Mirroring an academic year, these dispatches from the front lines of education take us from the anticipation of the first day to the disillusionment, challenges, and triumphs of the school year. These are the voices of teachers who persevere in the face of intolerance, rigid administration, and countless other challenges, and continue to reach out and teach those who are deemed unteachable. Their stories inspire everyone to make a difference in the world around them.
From the Trade Paperback edition.
Globalization of Education, Second Edition features new and updated information on
• The World Bank
• OECD and the United Nations
• The World Trade Organization and the Global Culture of Higher Education
• Corporatization of Global Education
• Religious and Indigenous Education Models
• The Global Workforce: Migration and the Talent Auction
• Globalization and Complex Thought
To Teach is a vivid, honest portrayal of the everyday magic of teaching, and what it means to be a “good” teacher—debunking myths perpetuated on film and other starry-eyed hero/teacher fictions. Illuminated by the evocative and wry drawings of Ryan Alexander-Tanner, this graphic version of To Teach will engage while it instructs. It is a much-needed reminder of how curiosity, a sense of adventure, and a healthy dose of reflection can guide us all to learn the most from this world as we educate the next generation. Teacher educators and professional developers will want to use this dynamic graphic novel alongside the traditional text for a unique teaching and learning experience.
William Ayers is a school reform activist, Distinguished Professor, and Senior University Scholar at the University of Illinois at Chicago. Ryan Alexander-Tanner is an art teacher and a Xeric Award-winning comic artist.
“This fascinating and, yes, educational book will certainly be of interest to teachers, but it will also teach, inspire, and entertain anyone else who picks it up.”
"It’s profoundly charming . . . a must for educators and highly encouraged for all."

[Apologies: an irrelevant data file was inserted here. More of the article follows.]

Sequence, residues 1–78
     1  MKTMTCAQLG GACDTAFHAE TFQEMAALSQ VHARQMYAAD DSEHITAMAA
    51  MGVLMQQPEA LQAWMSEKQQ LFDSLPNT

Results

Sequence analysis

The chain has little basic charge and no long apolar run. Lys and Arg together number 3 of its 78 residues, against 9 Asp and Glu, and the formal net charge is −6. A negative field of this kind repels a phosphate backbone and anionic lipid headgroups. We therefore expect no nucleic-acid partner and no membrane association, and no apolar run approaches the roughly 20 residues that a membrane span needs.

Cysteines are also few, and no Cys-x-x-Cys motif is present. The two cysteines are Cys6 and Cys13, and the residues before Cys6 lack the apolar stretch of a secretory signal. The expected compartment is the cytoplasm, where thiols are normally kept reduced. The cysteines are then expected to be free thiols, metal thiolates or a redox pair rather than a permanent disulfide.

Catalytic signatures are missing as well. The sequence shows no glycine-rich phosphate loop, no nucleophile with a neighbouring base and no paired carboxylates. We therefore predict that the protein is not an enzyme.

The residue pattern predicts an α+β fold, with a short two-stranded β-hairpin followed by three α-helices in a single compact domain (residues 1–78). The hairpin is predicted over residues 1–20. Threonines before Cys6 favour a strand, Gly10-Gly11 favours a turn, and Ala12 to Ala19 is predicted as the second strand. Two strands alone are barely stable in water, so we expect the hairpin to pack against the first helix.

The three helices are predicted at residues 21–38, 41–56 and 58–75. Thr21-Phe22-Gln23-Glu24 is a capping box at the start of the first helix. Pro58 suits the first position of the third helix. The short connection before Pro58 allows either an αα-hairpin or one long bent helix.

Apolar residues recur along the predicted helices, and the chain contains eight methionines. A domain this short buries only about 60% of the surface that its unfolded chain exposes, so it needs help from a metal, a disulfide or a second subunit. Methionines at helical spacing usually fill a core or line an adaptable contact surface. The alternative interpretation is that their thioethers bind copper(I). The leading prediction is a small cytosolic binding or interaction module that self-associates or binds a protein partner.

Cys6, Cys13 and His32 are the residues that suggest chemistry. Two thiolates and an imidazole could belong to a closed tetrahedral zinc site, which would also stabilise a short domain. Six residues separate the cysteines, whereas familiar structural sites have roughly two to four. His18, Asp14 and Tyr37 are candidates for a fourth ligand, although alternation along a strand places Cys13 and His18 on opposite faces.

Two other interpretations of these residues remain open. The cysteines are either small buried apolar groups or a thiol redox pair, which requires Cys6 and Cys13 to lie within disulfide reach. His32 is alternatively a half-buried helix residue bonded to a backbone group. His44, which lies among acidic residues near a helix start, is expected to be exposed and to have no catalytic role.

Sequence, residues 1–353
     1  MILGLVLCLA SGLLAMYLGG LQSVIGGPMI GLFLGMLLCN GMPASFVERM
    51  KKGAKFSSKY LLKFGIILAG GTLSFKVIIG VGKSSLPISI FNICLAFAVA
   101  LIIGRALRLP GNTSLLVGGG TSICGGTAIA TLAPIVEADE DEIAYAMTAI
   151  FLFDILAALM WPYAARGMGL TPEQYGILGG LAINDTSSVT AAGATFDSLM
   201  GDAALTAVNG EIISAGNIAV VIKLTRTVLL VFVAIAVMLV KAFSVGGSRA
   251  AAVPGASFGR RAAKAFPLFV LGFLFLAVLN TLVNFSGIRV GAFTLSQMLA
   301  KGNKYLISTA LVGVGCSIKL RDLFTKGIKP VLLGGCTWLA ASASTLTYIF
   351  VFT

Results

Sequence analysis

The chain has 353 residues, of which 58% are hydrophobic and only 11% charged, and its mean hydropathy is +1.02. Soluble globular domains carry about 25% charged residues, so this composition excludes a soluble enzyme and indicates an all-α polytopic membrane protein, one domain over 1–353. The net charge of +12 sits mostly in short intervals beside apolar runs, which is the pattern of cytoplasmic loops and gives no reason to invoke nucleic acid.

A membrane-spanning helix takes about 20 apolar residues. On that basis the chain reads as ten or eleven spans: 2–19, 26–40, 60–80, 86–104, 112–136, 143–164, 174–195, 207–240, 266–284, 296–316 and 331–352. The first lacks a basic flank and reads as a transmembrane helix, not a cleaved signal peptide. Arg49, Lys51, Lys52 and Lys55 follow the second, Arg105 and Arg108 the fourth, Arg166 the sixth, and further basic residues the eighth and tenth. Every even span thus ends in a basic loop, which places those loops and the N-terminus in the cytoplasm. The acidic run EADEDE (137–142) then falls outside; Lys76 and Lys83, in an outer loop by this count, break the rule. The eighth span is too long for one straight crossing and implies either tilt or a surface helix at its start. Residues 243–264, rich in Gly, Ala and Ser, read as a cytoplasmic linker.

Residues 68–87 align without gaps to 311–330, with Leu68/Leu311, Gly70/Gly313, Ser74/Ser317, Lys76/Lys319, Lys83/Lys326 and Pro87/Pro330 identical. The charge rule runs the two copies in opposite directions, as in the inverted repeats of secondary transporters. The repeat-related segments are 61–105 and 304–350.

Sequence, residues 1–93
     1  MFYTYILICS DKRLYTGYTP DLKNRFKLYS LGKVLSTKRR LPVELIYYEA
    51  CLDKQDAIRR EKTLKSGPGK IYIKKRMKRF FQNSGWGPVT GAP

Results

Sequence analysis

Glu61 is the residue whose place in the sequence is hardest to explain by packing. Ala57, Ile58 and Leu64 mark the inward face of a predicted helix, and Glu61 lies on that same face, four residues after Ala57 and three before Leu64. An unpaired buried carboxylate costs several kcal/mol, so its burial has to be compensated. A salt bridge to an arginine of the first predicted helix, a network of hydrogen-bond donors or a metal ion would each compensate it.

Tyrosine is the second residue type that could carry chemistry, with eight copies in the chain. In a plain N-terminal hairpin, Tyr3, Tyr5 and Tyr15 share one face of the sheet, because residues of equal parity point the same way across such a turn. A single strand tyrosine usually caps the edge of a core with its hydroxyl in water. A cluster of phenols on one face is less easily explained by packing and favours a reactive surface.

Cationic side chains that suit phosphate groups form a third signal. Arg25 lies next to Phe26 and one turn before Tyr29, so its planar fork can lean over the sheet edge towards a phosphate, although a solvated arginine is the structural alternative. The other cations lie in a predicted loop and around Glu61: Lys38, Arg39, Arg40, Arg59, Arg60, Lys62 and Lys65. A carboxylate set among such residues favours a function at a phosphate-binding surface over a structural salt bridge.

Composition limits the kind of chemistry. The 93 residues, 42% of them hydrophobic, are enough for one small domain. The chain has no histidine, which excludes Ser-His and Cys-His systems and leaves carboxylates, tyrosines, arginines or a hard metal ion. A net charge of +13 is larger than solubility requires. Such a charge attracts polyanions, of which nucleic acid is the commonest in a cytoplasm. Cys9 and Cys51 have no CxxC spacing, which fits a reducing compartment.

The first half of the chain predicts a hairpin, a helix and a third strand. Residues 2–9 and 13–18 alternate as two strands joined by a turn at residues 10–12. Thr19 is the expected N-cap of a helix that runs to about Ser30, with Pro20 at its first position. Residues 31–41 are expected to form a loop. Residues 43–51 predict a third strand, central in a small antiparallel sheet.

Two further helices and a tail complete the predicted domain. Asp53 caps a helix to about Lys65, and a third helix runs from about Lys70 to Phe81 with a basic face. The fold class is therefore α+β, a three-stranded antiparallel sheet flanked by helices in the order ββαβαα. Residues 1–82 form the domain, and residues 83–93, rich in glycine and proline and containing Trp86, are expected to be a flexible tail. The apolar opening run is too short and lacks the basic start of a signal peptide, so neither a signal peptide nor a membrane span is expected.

—The Huffington Post
“An utterly original and deliciously irreverent book that is likely to be passed from hand to hand by tens of thousands of our nation’s teachers out of the sheer joy that they will take in reading it.”
—From the Foreword by Jonathan Kozol
“To Teach is hilarious serious and fabulous! A broad manifesto that will change many people’s lives.”
—Laurie Anderson, artist and musician
“Bill Ayers’s theories about teaching reform rest on at least two foundations. One is that the hierarchical relationship between the student and teacher should be moved out of the way, followed by simultaneous learning by teacher and student. The second is to demonstrate how some subjects blend with others (math with science) and all should be taught with their relationship in mind. Sounds good to me. A serious book, but laced with humor. It will strike most readers as a novel approach. Required reading for all educators.”
—Harvey Pekar, author, American Splendor series
“This book is a treasure chest of insight. It represents what dedicated, imaginative teaching is all about and is a blueprint for everyone who wants to explore the intimate connection between teaching and learning. Bill Ayers’ thoughtful text is illuminated by Ryan Alexander-Tanner’s picture-perfect cartoons, creating an added dimension of wit and wisdom that brings comics another step forward in their evolution.”
—Peter Kuper, cartoonist and educator, books include Sticks and Stones, and Diario De Oaxaca
“To Teach is great reading not only to student teachers but to anyone who has a vested interest in our education system. . . . It also is a great example of how comic art is a very efficient way to communicate complex ideas.”
—Peter Bagge, comics journalist and author of the Buddy Bradley series
“Weaving in inspirational anecdotes and playful visual metaphors, To Teach takes us through one school year with a delightful group of young learners. In the process, Ayers and Alexander-Tanner’s collaboration cleverly illustrates the vital importance—and moral necessity—of teaching.”
—Josh Neufeld, writer/artist of A.D.: New Orleans After the Deluge
“ I wish I’d read this book before I started teaching and making comics a decade ago; it’s chock full of practical and philosophical advice.”
—Lauren Weinstein, cartoonist and teacher, writer/artist, Girl Stories
The goal of this new, unique Series is to offer readable, teachable "thinking frames" on today’s social problems and social issues by leading scholars, all in short 60 page or shorter formats, and available for view on http://routledge.customgateway.com/routledge-social-issues.html